Once the picture types have been defined, the encoder may estimate motion vectors for each 16 by 16 macroblock in a picture. A macroblock (MB) is the basic coding unit for the MPEG standard. A macroblock consists of a 16-pixel by 16-line portion, or four 8-pixel by 8-line blocks, of luminance components (Y) and several spatially corresponding 8 by 8 blocks of chrominance components Cr and Cb. The number of blocks of chrominance values depends upon which particular format is used. Common color space sampling schemes include 4:4:4 for maximum quality but relatively low compression, 4:2:2 including two Cb chrominance blocks and Cr chrominance blocks, and 4:2:0 including two chrominance blocks. A plurality of such macroblocks form a horizontal slice within a frame, where the slice is the basic processing unit in an MPEG coding scheme. A plurality of such slices form each picture or frame, which is the basic unit of display. As described previously, however, each frame is typically interlaced and displayed as two separate fields.

Motion vectors provide displacement information between a current picture and a previously stored picture. P frames use motion compensation to exploit temporal redundancy, or lack or motion, between picture frames in the video. Apparent motion between sequential pictures is caused by pixels in a previous picture occupying different positions with respect to the pixels in a current macroblock. This displacement between pixels in a previous and a current macroblock is represented by motion vectors encoded in the MPEG bitstream. Typically, the encoder chooses which picture type is to be used for each given frame. Having defined the picture type, the encoder then estimates motion vectors for each macroblock in the picture. Typically in P frames, one vector is employed for each macroblock, and in B frames, one or two vectors are used.

When the encoder processes B frames, it usually re-orders the picture sequence so that a video decoder receiving the digital video signal operates properly. Since B frames are usually coded using motion compensation based on previously sent I or P frames, the B frames can only be decoded after the subsequent anchor pictures (an I or P frame) have been received and decoded. Thus, the sequence of the series of pictures may be re-ordered by the encoder so that the pictures arrive at the decoder in a proper sequence for decoding of the video signal. The decoder may then re-order the pictures in proper sequence for viewing.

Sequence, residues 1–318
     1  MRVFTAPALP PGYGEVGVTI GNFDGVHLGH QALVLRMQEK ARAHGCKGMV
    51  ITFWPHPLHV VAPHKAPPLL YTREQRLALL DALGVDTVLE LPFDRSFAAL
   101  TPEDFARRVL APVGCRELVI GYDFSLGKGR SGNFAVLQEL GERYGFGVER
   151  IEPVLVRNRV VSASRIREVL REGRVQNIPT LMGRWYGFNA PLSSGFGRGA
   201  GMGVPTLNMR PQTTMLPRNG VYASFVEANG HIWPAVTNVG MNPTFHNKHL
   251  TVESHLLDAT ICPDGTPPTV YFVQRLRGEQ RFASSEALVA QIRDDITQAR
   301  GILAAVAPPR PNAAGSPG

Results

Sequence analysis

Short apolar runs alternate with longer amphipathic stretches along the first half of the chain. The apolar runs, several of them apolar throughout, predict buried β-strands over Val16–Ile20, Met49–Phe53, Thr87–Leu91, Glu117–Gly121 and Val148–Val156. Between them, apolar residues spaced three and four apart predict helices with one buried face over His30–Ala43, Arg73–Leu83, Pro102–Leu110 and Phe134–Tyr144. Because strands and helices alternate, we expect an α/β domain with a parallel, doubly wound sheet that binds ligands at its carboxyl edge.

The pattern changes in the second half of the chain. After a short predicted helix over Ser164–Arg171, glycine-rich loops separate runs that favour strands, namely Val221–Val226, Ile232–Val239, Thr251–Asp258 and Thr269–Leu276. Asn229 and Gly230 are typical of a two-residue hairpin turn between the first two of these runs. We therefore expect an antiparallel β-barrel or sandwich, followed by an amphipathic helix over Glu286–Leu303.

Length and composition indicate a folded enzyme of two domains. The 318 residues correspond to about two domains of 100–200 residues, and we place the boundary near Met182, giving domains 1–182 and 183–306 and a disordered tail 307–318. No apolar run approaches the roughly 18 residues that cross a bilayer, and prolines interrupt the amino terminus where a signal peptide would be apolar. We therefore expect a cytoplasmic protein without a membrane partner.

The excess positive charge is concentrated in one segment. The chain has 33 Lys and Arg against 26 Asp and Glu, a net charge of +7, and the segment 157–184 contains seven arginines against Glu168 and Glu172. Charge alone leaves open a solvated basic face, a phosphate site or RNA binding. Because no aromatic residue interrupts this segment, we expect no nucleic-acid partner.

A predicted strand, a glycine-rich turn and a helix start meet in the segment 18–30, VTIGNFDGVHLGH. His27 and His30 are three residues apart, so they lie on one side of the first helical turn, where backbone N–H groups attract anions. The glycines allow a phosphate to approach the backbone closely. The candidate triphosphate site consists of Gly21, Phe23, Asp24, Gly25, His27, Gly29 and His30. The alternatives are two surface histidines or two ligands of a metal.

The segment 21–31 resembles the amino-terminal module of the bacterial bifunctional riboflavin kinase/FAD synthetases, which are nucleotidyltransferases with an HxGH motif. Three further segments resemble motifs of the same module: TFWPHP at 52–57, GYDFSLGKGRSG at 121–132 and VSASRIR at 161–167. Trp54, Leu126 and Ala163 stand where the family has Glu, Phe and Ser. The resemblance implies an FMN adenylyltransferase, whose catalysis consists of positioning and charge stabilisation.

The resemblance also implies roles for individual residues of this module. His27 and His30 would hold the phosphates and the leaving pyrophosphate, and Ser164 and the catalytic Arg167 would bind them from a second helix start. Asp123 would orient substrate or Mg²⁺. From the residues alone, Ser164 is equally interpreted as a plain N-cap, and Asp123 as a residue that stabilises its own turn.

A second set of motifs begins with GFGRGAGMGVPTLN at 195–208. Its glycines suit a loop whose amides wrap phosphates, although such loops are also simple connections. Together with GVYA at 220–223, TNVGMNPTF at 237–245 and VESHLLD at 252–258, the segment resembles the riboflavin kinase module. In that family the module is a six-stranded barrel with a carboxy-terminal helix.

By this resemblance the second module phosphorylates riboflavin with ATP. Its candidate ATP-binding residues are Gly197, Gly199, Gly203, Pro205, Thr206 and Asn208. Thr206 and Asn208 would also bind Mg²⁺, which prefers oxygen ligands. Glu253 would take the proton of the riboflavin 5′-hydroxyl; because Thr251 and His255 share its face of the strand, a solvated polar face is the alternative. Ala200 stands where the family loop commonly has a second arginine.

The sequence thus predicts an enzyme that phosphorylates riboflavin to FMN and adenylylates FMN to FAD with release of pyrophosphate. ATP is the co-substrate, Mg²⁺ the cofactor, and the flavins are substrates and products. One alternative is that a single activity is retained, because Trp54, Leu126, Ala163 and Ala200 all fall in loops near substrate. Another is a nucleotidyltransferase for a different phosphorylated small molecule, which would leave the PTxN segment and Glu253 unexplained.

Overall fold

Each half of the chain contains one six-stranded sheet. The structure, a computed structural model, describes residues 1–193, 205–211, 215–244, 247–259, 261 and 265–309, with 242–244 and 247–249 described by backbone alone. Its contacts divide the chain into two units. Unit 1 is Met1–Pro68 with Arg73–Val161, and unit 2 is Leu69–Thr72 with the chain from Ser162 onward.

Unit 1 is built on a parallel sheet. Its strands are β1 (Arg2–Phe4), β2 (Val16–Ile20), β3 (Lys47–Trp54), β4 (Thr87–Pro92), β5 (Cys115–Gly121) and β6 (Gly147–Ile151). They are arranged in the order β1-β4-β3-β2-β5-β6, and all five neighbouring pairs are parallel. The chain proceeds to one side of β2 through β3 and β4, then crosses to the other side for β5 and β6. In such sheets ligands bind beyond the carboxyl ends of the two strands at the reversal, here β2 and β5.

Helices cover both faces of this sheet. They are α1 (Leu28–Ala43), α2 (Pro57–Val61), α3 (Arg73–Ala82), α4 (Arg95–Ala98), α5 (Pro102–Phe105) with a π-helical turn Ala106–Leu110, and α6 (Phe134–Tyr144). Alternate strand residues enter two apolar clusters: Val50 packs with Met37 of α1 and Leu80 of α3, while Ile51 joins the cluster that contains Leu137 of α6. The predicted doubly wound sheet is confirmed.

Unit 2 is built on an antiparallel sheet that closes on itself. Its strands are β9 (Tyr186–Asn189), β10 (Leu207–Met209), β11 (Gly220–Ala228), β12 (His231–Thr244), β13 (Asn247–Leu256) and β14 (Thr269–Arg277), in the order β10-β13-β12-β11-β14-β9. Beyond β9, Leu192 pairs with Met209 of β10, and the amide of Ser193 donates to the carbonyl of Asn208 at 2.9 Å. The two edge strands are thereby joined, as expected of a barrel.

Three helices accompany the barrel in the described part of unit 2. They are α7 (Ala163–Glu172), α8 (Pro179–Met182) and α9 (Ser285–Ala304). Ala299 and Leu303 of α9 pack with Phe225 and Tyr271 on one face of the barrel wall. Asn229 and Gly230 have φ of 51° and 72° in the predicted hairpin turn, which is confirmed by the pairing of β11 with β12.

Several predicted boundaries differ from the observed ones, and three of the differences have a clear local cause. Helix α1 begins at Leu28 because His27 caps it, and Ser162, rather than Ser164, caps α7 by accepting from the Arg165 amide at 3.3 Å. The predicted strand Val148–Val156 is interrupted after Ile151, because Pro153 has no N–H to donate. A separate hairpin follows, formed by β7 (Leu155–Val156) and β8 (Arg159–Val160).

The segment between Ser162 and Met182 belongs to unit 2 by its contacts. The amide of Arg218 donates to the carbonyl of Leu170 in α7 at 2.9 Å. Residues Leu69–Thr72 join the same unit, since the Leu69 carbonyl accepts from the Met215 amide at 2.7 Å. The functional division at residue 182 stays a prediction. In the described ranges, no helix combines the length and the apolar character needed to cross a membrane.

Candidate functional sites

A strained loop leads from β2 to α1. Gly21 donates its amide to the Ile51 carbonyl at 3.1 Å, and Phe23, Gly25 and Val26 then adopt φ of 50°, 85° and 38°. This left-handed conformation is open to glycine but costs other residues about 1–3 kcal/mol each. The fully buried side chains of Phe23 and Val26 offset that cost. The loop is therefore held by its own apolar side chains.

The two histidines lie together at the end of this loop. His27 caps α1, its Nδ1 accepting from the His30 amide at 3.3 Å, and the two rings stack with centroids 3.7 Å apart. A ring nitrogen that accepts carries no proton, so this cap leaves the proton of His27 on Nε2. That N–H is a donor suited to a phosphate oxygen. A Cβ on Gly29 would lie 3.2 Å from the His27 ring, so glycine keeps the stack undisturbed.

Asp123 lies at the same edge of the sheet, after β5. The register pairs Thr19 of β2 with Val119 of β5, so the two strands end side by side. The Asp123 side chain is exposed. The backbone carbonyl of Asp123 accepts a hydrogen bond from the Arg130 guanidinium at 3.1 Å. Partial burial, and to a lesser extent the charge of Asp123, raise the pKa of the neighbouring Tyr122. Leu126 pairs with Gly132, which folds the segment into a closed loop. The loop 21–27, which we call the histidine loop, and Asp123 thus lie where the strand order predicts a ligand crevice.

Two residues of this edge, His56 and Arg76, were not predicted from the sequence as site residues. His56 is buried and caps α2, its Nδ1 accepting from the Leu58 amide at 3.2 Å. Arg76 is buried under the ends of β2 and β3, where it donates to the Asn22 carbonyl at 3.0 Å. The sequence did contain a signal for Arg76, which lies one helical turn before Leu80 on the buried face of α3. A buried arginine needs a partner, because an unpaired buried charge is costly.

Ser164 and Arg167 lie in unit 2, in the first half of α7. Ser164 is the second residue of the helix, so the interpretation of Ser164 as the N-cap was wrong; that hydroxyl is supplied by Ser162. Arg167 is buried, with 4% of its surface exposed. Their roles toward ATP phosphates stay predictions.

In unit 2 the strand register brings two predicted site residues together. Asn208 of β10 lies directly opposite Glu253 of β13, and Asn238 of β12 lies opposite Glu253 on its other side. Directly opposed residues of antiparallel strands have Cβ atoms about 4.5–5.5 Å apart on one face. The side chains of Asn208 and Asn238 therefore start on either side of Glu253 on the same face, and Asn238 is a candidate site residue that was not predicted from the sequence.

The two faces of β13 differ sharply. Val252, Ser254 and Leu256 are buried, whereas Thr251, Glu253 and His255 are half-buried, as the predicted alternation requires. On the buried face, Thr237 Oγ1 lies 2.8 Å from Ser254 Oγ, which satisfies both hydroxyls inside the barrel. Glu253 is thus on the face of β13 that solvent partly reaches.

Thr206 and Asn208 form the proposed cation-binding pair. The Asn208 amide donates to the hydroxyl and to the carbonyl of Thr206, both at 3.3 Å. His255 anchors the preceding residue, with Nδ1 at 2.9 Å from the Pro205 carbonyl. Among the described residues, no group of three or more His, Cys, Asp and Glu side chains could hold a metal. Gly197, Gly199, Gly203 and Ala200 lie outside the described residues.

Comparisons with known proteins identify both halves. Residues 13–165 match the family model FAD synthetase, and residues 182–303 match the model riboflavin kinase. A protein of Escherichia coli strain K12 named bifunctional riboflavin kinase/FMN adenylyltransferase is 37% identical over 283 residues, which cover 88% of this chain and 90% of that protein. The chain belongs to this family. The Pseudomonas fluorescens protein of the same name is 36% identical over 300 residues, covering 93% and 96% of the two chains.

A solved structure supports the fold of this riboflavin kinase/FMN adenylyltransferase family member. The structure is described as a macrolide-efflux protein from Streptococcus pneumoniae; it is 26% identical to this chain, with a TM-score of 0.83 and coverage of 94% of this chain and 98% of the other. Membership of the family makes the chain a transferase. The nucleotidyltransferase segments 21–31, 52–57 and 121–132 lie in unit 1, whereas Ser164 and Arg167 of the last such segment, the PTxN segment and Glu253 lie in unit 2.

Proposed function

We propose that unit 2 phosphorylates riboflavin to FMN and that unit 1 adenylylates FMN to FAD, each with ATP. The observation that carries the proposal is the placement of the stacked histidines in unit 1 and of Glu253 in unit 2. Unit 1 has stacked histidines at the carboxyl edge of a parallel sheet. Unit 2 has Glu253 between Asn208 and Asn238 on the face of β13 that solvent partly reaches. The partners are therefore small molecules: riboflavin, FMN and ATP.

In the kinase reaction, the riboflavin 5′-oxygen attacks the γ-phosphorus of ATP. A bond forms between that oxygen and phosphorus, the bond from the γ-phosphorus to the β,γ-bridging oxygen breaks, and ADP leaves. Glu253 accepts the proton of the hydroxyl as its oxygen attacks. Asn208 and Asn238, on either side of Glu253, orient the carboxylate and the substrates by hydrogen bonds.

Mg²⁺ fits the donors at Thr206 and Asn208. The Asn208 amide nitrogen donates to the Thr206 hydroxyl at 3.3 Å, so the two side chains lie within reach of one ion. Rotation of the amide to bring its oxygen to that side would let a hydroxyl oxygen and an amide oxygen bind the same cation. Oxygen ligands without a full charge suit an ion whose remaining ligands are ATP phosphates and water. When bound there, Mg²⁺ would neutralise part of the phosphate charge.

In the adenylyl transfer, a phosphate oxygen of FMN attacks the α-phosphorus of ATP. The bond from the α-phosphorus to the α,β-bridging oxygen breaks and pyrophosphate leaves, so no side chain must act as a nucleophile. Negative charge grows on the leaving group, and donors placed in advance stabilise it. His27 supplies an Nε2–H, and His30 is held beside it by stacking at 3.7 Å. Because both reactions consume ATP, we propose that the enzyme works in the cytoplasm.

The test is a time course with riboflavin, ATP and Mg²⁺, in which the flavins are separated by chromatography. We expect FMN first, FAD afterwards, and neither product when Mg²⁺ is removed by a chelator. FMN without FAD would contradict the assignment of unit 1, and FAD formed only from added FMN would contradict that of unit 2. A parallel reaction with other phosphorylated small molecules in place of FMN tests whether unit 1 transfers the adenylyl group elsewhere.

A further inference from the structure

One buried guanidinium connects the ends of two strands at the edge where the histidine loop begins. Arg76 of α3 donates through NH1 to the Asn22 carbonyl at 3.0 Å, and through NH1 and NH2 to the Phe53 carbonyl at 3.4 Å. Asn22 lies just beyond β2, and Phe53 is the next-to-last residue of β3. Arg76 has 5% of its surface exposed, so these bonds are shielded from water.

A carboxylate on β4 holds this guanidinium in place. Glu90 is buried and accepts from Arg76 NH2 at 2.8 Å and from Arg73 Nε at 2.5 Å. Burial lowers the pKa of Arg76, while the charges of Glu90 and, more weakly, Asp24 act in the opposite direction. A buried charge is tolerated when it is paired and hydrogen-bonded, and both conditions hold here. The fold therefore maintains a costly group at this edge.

For a given macroblock of video data, the encoder is programmed to select a coding mode depending on the picture type, the effectiveness of motion compensation in the particular region of the picture, and the nature of the signal within the block. After the coding method is selected, the encoder performs a motion-compensated prediction of the block contents based on past and/or future reference pictures. The encoder then produces an error signal by subtracting the prediction from the actual data in the current macroblock. The error signal is similarly separated into 8 by 8 blocks (four luminance blocks and two chrominance blocks). A Discrete Cosine Transform (DCT) may then be performed on each block to achieve further compression. The DCT operation converts an 8 by 8 block of pixel values to an 8 by 8 matrix of horizontal and vertical coefficients of spatial frequency. Coefficients representing one or more non-zero horizontal or non-zero vertical spatial frequencies are called AC coefficients. An 8 by 8 block of pixel values can subsequently be reconstructed by a video decoder performing an Inverse DCT (IDCT) on the spatial frequency coefficients.

Additional compression is provided through predictive coding since the difference in the average value of neighboring 8 by 8 blocks tends to be relatively small. Predictive coding is a technique employed to improve compression based on the blocks of pixel information previously operated on by an encoder. A prediction of the pixel values for a block yet to be encoded may be performed by the encoder. The difference between the predicted and actual pixel values may then be computed and encoded. The different values represent prediction errors which may later be used by a video decoder to correct the information of a predicted block of pixel values.